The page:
November 15, 1991 |
For two years, California businesswoman Rita Lazar panicked every time she looked at her hair. It was thinning and she couldn't stop the process. But Lazar is lucky. Diagnosed with androgenetic alopecia, or genetic hair loss, she was able to stop the fallout and regrow hair with minoxidil, the only FDA-approved treatment for her condition. Patented by Upjohn and marketed as Rogaine, the topical preparation was introduced for men only in 1988.
April 17, 2006 |
OIL of wormwood. Dog urine. Equal parts Abyssinian greyhound's heel, date blossoms and ass hoof, boiled in oil. Being licked by a cow. Through the centuries, men losing their hair have resorted to desperate measures to recover the luxurious tresses of their youth -- but happily, their options have expanded substantially beyond dog urine. Now there are sophisticated transplant techniques and drugs shown by science to be more than mere snake oil. And more is still to come.
August 13, 2001 |
I've been reflecting a lot lately--especially when bright light shines on the top of my head. My hairline is headed north, and I'm slowly developing a monk-like bare patch at the crown. Which is why in the last few days I've spent a few idle moments--OK, about six or seven hours--surfing the Internet to see what options are available these days for men with thinning hair. Much of the buzz online concerns a remedy that's not yet available.
February 14, 1991 |
Life in Toronto was pleasant, but William Edwards thought he'd really thrive in a city with a lot more smog and a lot more stress. "They make problems occur much faster," said Edwards, a Canadian biochemist. "Los Angeles was the perfect place to go." Edwards had good reason for seeking out two elements most Southern Californians try to get away from.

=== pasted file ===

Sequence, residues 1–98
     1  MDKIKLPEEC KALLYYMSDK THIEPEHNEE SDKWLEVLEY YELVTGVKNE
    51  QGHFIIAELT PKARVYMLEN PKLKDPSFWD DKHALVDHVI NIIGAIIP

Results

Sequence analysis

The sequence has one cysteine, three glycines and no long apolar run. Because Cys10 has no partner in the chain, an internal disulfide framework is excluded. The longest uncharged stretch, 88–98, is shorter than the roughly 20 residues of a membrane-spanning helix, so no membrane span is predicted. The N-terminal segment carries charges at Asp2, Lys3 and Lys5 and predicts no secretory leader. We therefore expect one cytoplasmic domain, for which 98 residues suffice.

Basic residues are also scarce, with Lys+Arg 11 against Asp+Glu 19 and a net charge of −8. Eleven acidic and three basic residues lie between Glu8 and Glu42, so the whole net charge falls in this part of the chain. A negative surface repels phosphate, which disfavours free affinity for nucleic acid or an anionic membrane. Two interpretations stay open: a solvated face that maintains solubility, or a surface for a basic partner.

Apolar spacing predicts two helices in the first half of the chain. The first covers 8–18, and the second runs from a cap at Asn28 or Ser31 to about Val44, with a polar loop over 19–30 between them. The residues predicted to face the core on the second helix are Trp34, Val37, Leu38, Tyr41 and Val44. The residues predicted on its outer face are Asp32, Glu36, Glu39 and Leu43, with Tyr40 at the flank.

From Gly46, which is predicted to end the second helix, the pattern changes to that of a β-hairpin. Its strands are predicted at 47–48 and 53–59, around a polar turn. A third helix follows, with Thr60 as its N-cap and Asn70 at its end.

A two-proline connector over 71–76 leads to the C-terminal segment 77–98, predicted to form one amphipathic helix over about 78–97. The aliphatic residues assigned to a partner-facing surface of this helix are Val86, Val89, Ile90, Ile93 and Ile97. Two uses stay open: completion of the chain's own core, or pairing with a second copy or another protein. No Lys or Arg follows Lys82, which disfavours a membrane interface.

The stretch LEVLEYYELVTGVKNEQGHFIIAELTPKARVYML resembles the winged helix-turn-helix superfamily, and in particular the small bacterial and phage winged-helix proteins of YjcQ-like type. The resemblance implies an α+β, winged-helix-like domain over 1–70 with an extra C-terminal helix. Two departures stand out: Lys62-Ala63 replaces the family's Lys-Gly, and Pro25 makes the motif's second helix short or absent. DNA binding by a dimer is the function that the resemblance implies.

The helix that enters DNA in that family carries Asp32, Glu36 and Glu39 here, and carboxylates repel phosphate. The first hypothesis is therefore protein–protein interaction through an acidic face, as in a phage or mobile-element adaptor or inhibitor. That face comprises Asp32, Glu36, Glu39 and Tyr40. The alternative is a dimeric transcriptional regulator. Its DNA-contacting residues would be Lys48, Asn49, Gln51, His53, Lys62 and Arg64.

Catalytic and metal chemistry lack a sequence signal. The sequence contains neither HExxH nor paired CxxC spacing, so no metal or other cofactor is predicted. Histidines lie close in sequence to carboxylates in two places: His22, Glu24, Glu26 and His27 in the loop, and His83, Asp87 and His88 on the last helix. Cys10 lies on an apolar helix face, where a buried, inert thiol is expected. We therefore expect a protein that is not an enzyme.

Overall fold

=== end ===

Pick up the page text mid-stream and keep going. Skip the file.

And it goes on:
October 10, 2011 |
It's getting harder for me to deny that I've reached middle age, and the most obvious sign is that the men in my life are losing their hair. Many men struggle to come to terms with hair loss and yearn for a way to turn back the clock. Although I'm no expert on the subject, I've suggested they look into Propecia, a medication used to treat male pattern hair loss. Invariably, they're intrigued. It works by preventing testosterone from turning into another hormone that causes hair loss.
May 21, 1999 |
The glorious hot sunny days of summer require shifts in beauty routines, and it's agood time to reassess hair care. We do tend to take our locks for granted. The American Academy of Dermatology offers hair tips that are useful year round. To preserve your hair, the academy recommends: Be gentle with your hair when it is wet, the time it is most apt to break off. Don't rub it too vigorously with a towel, or brush or comb it too roughly.
October 30, 1990
Coming to terms with hair loss can be difficult, even for men who aren't fashion plates. Here, two experts debate the pros and cons of two established approaches: hair replacement surgery, in which flaps of hair-bearing scalp are transplanted to bald areas, and minoxidil (Rogaine), a medication that is rubbed on the scalp twice a day to promote hair growth. Surgical remedy: Dr. Richard W.
February 23, 1998 |
If you think it's tough being a bald man, try being a bald woman. "Hair is a big part of femininity; all the messages out there tell women that you're not a woman if you don't have long, gorgeous hair," Cari Bickley says. "Every man is concerned about losing his hair, but it's still much more socially acceptable for men to be bald or balding. If you're a woman--or a child--you're just 'weird.' " Bickley knows this only too well. Her hair started falling out in 1980, when she was 18.
March 23, 1986 |
Q: Our American water spaniel had a litter of 10 puppies eight weeks ago. One of the male puppies has no hair on the underside of his body, starting from under his chin. Our veterinarian couldn't find anything wrong and suggested that it might be genetic. We talked to the breeder, who said that he had never seen one without hair. Do you have any ideas?--K.A. A: There are several classifications applied to defects of the skin and hair coat.
February 3, 1991 |
IT MIGHT reasonably be argued that the most sensitive portion of the male anatomy--above the belt, at least--is the dome of the skull. Certainly, it's the spot that men are most determined to shield from society's scrutiny. And when it's suddenly exposed to the glances of a contemptuous public, there seems to be no limit to the pain and humiliation that balding men will endure to preserve the illusion that they've got just as much hair as the next guy. Pity the poor skinhead.